The Future is Talking is a new nation-wide podcast series focused on youth leadership, equity and justice, and is led by YPI Canada’s 7-member Student Advisory Committee (SAC). SAC members are themselves between 15-19 years old, each a recent YPI alumni at their high schools across the country.
The intention of this podcast series, as articulated by SAC members:
“Our hope is to educate, to inform, and to inspire a new way of understanding youth leadership, and how to show up for students, teachers, and communities in ways that are respectful to, and meaningful for us.”
We chose to create this platform in the form of a podcast for several reasons, including:
1) Centering Voice, Literally
It felt fitting that a platform designed to center youth voice literally centered voice as its primary instrument of expression and communication. In the words of voicED radio’s Stephen Hurley, “While music may be included in podcasts for effect, the spoken word is really the star of the show.”
Furthermore, SAC Member J.S. highlights the power of voice in shifting narratives: “Despite not having any visuals, podcasts can be entertaining and educational. People can tell stories about their experiences and make the listener understand the problem a lot better.”
2) Increasing Access Through “Pod-modcracy”
Thanks to rapid advances in technology, the gap between who gets to listen to podcasts and who gets to create them has decreased significantly over the last decade. The fact that they can be both recorded and accessed via a smartphone means that the barriers to creation and access are significantly lower than they have been for many, for a very long time. In this vein, we share voicED’s perspective that “democracy is founded on the ability to listen to and appreciate a variety of perspectives on issues that impact all of us. We believe that the tools of podcasting can help us strengthen that commitment to a voice for all. And not just the people with the power, the privilege and resources to buy time on traditional media.”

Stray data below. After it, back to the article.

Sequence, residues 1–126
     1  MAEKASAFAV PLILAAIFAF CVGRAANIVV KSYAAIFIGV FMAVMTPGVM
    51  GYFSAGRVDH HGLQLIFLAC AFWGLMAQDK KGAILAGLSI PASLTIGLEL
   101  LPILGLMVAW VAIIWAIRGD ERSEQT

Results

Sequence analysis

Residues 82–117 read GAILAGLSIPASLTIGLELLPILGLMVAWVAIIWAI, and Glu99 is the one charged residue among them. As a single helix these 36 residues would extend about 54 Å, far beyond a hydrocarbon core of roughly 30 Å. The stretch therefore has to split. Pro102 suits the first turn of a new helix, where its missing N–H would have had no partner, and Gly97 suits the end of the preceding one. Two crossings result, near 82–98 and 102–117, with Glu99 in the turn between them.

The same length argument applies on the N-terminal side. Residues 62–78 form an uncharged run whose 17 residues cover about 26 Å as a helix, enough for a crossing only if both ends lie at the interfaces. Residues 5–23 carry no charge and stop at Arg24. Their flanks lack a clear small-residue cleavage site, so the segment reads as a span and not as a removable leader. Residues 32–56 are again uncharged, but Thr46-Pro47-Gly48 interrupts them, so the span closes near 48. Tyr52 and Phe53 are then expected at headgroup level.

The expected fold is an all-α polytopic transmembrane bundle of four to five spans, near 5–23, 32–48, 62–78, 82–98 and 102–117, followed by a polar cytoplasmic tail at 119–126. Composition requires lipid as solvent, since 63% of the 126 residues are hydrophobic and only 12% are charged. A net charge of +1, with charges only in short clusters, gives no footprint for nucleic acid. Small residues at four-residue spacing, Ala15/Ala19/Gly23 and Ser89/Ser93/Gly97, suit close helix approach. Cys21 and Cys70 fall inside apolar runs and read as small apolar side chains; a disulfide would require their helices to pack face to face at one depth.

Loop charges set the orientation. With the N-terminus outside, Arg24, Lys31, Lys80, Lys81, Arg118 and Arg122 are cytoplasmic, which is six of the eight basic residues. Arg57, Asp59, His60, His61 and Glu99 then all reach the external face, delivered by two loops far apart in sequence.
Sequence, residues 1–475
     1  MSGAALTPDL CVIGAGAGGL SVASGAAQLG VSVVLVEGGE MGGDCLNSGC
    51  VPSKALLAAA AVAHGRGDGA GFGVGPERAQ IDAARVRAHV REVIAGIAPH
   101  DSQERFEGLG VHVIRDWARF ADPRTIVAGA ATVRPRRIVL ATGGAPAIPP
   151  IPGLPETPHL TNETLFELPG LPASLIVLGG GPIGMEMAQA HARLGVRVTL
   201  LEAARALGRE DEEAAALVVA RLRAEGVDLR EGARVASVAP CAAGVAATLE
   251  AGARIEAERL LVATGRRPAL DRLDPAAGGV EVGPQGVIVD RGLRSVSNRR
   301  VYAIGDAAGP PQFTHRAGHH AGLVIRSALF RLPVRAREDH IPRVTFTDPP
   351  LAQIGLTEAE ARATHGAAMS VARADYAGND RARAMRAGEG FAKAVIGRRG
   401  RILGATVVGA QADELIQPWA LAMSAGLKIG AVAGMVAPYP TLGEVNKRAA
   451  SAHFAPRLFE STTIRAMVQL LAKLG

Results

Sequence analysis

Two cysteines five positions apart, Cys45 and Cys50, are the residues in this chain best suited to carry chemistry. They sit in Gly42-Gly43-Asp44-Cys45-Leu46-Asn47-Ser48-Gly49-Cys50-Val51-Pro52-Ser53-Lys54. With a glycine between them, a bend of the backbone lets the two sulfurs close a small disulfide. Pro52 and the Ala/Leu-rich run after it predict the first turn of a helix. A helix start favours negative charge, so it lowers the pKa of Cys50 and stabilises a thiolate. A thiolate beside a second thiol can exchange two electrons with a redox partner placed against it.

As SAC member N.F. puts it, “Podcasts have such an influence. They have expansive audience/community that’s listening to them; the way they weave in so many different voices and touch many different people.”
SAC members also agreed that podcasts were an effective way to reach and share resources with young people in particular, with member S.B. likening them to “teenager therapy.”
3) Fostering One-to-One Connection
Although podcasts are now accessible to most people who own a smartphone device, the nature of a podcast allows us to speak to one listener at a time. This is different from traditional radio broadcasting, which assumes that one voice is being heard by many people at a time. This sense of one-to-one connection and intimacy with the listener, we hope, will help us connect with them on a more personal level. As SAC member G.M. shares, a podcast “provides such a personal connection to others to be able to discuss real life issues, especially issues people may not be aware of or not know how to interact (with), due to difference in perspectives, or not wanting to offend.”
Fellow SAC member M.Z. goes on to highlight the authentic exchanges facilitated by podcasts, which she describes as “records of genuine conversations, genuine connections and meaningful discussions.”
We believe that change happens at the speed of trust, and that sustainable shifts are built through focusing on critical connections rather than critical mass. Hosting The Future is Talking as a podcast allows us to build a foundation of trust and relationship with our listeners so that we can better navigate challenging topics and conversations together.
Be intentional about how and through which media format we choose to communicate our message SO THAT it is as accessible as possible for our co-creators as well as our intended audience.